The 6th Dharamshala International Film Festival (DIFF) 2017 concluded with a screening of Rima Das’ Village Rockstars. The film was screened to a packed house as audiences turned in up in large numbers to watch the much talked about movie.
The day began with a screening of Claude Barras’ My Life As A Zucchini, the stop motion animated feature which was extremely well received by the audiences. It also included a screening of Suresh Eriyat’s stop motion animated short Tokri that was created using clay models. This was followed by a screening of Alain Gsponer’s Heidi.
These films which were a part of the Children’s Film Programme curated by children’s media specialist Monica Wahi saw a large turnout of kids who were very happy to watch these films.
The other crowd pleasers of the day included Lijo Jose Pellissery’s Angamaly Diaries and Yoshinori Sato’s Her Mother.
The final day of the festival also saw the screening of the Shorts Selection which was curated by noted filmmaker Umesh Kulkarni (Highway, Deool). The selection included Devashish Makhija’s Taandav, Shailaja Padindala’s Memories Of A Machine, Risheeta Agrawal’s Naughty Amelia Jane and Abhishek Verma’s Maacher Jhol.
Indian Indie films have been an integral part of the DIFF lineup since its inaugural edition in 2012. A Panel discussion titled The State of Independents saw an exciting new crop of Indian Indie filmmakers share their views on the contemporary Indian indie movement.
The panel was moderated by Tanaji Dasgupta, the producer of The Hungry and included filmmakers Konkona Sen Sharma (A Death In The Gunj), Rima Das (Village Rockstars), Bornila Chatterjee (The Hungry) and Sayani Gupta (The Hungry), Pushpendra Singh (Ashwatthamma), Karma Takapa (Ralang Road) and Ektara Collective (Turup)~
Director Rima Das was extremely happy with the response received by Village Rockstars at the festival and said, “I am really delighted to be at the Dharamshala International Film Festival. It was really encouraging to see the response received by the film and meet such an enthusiastic audience. It is an experience which I will cherish forever.”
Summing up this year’s edition of the festival, founder-director Ritu Sarin said, “The participation of a large number of Indian indie filmmakers has made us believe that independent cinema is truly alive. We are looking forward to the future editions of the festival with much hope. We also had a children’s section in which they enthusiastically participated in all the activities and enjoyed the process. So that was also a very special experience.”
This year’s line-up included two award-winning documentaries—Kirsten Johnson’s Cameraperson (USA, 2016), Rahul Jain’s Machines (India, 2016) which screened at 10 international film festivals, and won the World Cinema Documentary Special Jury Award for Excellence in Cinematography at 2017’s Sundance Film Festival.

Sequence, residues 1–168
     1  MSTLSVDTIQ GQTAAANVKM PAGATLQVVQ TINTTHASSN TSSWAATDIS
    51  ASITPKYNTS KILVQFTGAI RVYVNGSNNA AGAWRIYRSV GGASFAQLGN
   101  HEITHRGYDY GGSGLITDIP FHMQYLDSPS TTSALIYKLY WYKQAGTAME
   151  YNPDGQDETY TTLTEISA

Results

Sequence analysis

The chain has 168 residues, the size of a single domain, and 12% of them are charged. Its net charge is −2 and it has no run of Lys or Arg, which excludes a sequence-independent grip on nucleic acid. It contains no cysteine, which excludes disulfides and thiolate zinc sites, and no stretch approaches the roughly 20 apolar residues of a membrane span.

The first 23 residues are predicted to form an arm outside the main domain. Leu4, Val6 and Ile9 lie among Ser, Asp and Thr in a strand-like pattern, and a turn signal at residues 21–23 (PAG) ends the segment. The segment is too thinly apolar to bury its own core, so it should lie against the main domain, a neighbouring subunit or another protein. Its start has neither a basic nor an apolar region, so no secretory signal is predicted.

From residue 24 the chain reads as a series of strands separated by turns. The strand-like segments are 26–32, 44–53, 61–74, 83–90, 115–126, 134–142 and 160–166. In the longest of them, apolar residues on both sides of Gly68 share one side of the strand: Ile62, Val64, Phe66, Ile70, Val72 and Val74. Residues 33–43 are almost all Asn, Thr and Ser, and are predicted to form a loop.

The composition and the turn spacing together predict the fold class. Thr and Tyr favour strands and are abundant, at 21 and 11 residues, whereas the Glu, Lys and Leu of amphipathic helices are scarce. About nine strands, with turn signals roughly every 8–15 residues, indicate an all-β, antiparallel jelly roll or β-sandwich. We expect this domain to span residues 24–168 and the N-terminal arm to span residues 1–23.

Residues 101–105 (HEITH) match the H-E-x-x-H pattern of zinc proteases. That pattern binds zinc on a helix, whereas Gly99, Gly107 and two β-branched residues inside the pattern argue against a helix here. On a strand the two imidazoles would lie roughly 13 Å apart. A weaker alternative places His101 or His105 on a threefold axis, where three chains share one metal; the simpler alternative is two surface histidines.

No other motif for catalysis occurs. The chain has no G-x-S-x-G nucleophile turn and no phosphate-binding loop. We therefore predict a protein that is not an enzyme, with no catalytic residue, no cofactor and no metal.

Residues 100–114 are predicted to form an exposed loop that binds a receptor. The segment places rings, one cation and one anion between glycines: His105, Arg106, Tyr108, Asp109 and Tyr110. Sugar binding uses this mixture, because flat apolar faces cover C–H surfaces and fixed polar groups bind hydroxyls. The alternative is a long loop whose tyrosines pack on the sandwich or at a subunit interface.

DIFF 2017 also featured the Indian premiere of Out of This World (USA), a newly restored version of journalist and writer Lowell Thomas’ fascinating account of his travels to Tibet in 1949 (originally released in 1954).
This year’s feature films included Dain Said’s Interchange (Malaysia, 2016), Yaniv Berman’s Land of the Little People (Israel, 2016), Dechen Roder’s Honeygiver Among the Dogs (Bhutan, 2016), Yoshinori Sato’s Her Mother (Japan), Mano Khalil’s The Swallow (Switzerland), Karma Takapa’s Ralang Road, which premiered at this year’s Karlovy Vary Film Festival (an Indian film to be selected at the fest after 13 years), and Deepak Rauniyar’s Oscar entry from Nepal, White Sun which premiered at 73rd Venice Film Festival and won Interfilm Award and new voices/new visions grand jury prize at the Palm Springs festival.
DIFF continued its tradition of showcasing experimental films by presenting the South Asia premieres of three features by well-known artists and filmmakers: Amar Kanwar’s Such a Morning (India), and Naeem Mohaiemen’s Tripoli Cancelled (Bangladesh), both of which premiered this year at Documenta 14; and Singapore filmmaker Tan Pin Pin’s In Time to Come, which had its world premiere at Visions du Reel and was in competition at Hot Docs and Sheffield Doc Fest.
This year’s shorts selection was curated by filmmaker Umesh Kulkarni, whilst our Children’s Film Programme was curated by children’s media specialist Monica Wahi.
DIFF is presented by White Crane Arts & Media, a trust founded by veteran filmmakers Ritu Sarin and Tenzing Sonam to promote contemporary cinema, art and independent media practices in the Himalayan regions of India.
This year’s festival was once again supported by its long-term partners, Thyssen-Bornemisza Art Contemporary, and the Government of Himachal Pradesh through its departments of Tourism, and Language, Arts, and Culture.
The first edition of DIFF was held in 2012. Since then, it has become established as one of India’s leading independent film festivals. DIFF’s cutting-edge and eclectic programming, which includes many India premieres, and its policy of inviting as many directors as possible, has made it one of the ‘go-to’ events in any cinephile’s calendar. At DIFF 2016, hundreds of cinema enthusiasts from across India and the world converged to watch films and discuss the state of modern cinema—whilst some of India’s best-known film critics and journalists were on hand to cover the event.